- Sen. Dianne Feintein is seeing the worst approval ratings of her career, with just 30% of California voters approving of her performance.
- Support has slumped among liberals, women voters, and Bay Area voters, a new poll found.
- California Democrats think it’s time for her to step aside and let a new generation lead.
Sen. Dianne Feinstein’s support is collapsing among California Democrats, signaling an uphill battle for re-election should she choose to run again in 2024 and creating a potential opening for challengers from the state’s younger ranks.
A new poll released on February 16 by the Institute of Governmental Studies at the University of California, Berkeley, found that her approval rating was at an all time low, driven by disapproval from her own party. The decline comes after years of whispered concerns from Democrats about the 88-year-old Feinstein’s ability to carry out her duties, and moments of friction with more progressive wings of her party.
Only 30% of California registered voters approve of the job Feinstein is doing, and 49% disapprove, the poll found, a continued decline in support that began in 2017. Those numbers are due to a collapse in support from key Democratic constituencies like women, young voters, and Bay Area residents, said Mark DiCamillo, who conducted the poll.
“I have to feel that her age is a factor in voters’ minds,” DiCamillo said of the lagging numbers. “Perhaps a number of voters around the state think she’s worn out her welcome a bit. She was certainly viewed positively throughout most of her career.”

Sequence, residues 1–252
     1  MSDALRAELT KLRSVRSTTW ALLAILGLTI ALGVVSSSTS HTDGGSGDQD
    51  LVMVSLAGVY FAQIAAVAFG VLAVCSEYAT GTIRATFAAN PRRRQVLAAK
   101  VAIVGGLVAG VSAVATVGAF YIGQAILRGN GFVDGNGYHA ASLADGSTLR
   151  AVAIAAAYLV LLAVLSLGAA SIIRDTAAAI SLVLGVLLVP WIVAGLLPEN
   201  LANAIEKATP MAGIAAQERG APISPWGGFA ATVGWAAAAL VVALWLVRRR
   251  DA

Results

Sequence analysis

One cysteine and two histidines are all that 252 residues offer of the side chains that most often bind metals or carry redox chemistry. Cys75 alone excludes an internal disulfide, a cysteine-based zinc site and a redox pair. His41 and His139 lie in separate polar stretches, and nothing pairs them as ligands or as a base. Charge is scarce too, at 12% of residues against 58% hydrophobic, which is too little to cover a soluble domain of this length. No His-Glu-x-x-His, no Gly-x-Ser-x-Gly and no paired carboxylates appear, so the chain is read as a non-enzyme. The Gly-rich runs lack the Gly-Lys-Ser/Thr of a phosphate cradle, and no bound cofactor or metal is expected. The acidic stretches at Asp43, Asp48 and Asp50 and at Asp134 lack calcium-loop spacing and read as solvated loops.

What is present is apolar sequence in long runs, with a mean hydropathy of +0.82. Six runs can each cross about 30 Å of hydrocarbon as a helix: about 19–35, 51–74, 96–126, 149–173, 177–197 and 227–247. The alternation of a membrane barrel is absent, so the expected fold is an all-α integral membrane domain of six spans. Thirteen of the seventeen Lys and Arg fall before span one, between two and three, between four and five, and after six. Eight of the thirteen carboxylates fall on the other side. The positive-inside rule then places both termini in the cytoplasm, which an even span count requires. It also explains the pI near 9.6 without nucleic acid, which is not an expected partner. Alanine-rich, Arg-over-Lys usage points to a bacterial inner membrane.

Brian Brokaw, a California Democratic strategist, noted that Feinstein could also be suffering from an overall dissatisfaction with Democrats, and Congress, in California. The same poll showed discontent with President Joe Biden, Vice President Kamala Harris, and Congress overall.
“There’s a general anti-incumbent sentiment you’re seeing from the president on down, and so it’s not surprising that she’s caught up in that,” Brokaw said.
Among California’s Democratic establishment, Feinstein’s age and longevity is a difficult subject given legitimate concerns about ageism and her lengthy career in the state; a former mayor of San Francisco, she’s been in the Senate since 1992. But some party officials feel that it is time for her to step aside and are already speculating about potential replacements.
Speculation runs freely in part because the seat is a relatively safe one for Democrats; Gov. Gavin Newsom, a Democrat, would appoint a replacement if Feinstein didn’t finish her term, and California reliably goes blue in statewide and presidential elections.
“A new generation has been building for some time and I would be very excited to see that bench come out,” said Ada Briceño, chair of the Orange County Democrats, who acknowledged that Feinstein had “been leading for a long period of time in California.”
“It’s been really refreshing to see Alex Padilla as our new senator, I’ve been energized by his leadership as a Latina woman,” Briceño told Insider.
RL Miller, founder of Climate Hawks Vote and a Democratic National Committee delegate from California, believes that Feinstein “should have retired, she should have not run for re-election in 2018.”
“I appreciate all the stuff that she has done for California over the years,” said Miller, who supported Feinstein’s primary challenger, former state senator Kevin de León, in 2018. “But at the same time, I recognize that there is a newer generation and they need to be given a chance.”